1. Welcome to SportsJournalists.com, a friendly forum for discussing all things sports and journalism.

    Your voice is missing! You will need to register for a free account to get access to the following site features:
    • Reply to discussions and create your own threads.
    • Access to private conversations with other members.
    • Fewer ads.

    We hope to see you as a part of our community soon!

Any working journalists use the software Dragon Naturally Speaking?

Discussion in 'Journalism topics only' started by Tom_Brinkman01, Aug 17, 2006.

  1. It takes forever transcribing interviews, and I was wondering if investing in Dragon Naturally Speaking is worth it; also, what version works best and can this program accurately differentiate between the interviewer and the subject's voices? I need some advice from someone who actually uses it in the field. Feel free to bore me with all the details -- it's a huge investment on my meager reporter's salary.
  2. Overrated

    Overrated Guest

    There's such a thing that transcribes interviews? And here I am using my pen like a sucker. [/homersimpson]

    This is the greatest invention since that black box that drives big rigs for the truckers.
  3. Overrated

    Overrated Guest

    Listen, Tom, is it? I wasn't being sarcastic. I've been using a digital recorder since before COCKDIAN was born. I use a pen to transcribe the interview from my $120 Olympus recorder. Is that okay by you?
  4. murray

    murray New Member

    Tom, you need to understand that the software doesn't automatically transcribe everything that the recorder picks up. You have to train the thing, and you do that by getting the speaker to read selected passages. I think there are four or five that are included in the software. They're relatively short (a long paragraph, if I recall) and you read them, and supposedly the tape recorder learns your speech patterns.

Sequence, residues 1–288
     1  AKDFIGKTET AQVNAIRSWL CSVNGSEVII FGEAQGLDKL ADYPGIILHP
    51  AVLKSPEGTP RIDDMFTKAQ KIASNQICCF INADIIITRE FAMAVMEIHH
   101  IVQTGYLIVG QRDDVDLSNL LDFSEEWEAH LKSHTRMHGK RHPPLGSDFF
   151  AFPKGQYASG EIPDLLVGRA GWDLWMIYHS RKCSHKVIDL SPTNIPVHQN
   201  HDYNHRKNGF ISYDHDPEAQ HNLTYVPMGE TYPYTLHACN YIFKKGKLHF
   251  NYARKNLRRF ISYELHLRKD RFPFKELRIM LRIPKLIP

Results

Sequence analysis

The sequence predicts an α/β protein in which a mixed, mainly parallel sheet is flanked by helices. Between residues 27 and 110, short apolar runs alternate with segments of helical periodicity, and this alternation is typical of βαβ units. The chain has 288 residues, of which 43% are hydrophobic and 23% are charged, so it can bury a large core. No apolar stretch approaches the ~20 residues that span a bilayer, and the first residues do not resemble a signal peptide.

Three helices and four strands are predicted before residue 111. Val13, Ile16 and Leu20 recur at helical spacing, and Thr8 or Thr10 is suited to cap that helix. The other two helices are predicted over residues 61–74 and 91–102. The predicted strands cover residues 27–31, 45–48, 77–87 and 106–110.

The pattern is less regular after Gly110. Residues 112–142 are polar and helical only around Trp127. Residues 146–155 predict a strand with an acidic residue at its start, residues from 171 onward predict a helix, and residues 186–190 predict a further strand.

The output is not perfect, but my experience was that it was good enough as long as you carefully edited it.

    The problem, of course, is you'd have to get the people you're quoting to read one of the passages for you. Can you imagine asking a head coach, or handing a laminated paragraph to some player, who can't read anyway, and asking him to read it aloud in his normal voice? Ain't gonna happen.

    The only feasible way for a working journalist to use it, I think, is to record your interviews on another recorder, a cheaper one.  Then listen to the cheap recorder and repeat the quotes, word by word, into the digital recorder. Then you can use Dragon Naturally Speaking to transcribe your voice. It's still quicker than transcribing, in the long run, but be aware of the awkward extra step.
  5. espnguy

    espnguy Member

    That's a great idea, Murray. I never thought of that. I think I'm going to try it and see what happens.
  6. HeinekenMan

    HeinekenMan Active Member

    I bought a version of this program about six years ago, and it was terrible. I'd say, "I took a smelly shit," and it would write "I toke a small ye spit."

    I wouldn't mess around. Transcribing is the only way to be sure. Consider it a necessary evil.
  7. certiorari

    certiorari New Member

    You'll end up "training" the Dragon for hours, only to get the most hilarious mad-lib drivel in real world use.
    Best to try it yourself before deleting it in an irate fit of disgust.
  8. PEteacher

    PEteacher Member

    the thing is, you don't need to to transcribe perfectly. You just need to be able to make out what was said, and pull select parts and retype the quotes in your story. If you can make out what was said, then the program might be worth it. Methinks, anyway.

    How much would such a program cost?
  9. I have the Dragon software, though it is several years old.
    It sucks!
    I tried to "train it" for several hours. It never ever worked as good they showed on the commercials. Too many mistakes in transcribing to the text.

    Big pain in the ass.
  10. patchs

    patchs Active Member

    The company that makes a digital recorder that can be plugged into a laptop's USB port and instantly transcribe quotes will make a ton of money.
    It would be the greatest invention since the printing press.
  11. fishwrapper

    fishwrapper Active Member

    What about sliced bread and just plain misquoting someone?
  12. HeinekenMan

    HeinekenMan Active Member

    I've seen these, but I believe they used the Dragon technology, which just doesn't work.
Draft saved Draft deleted

Share This Page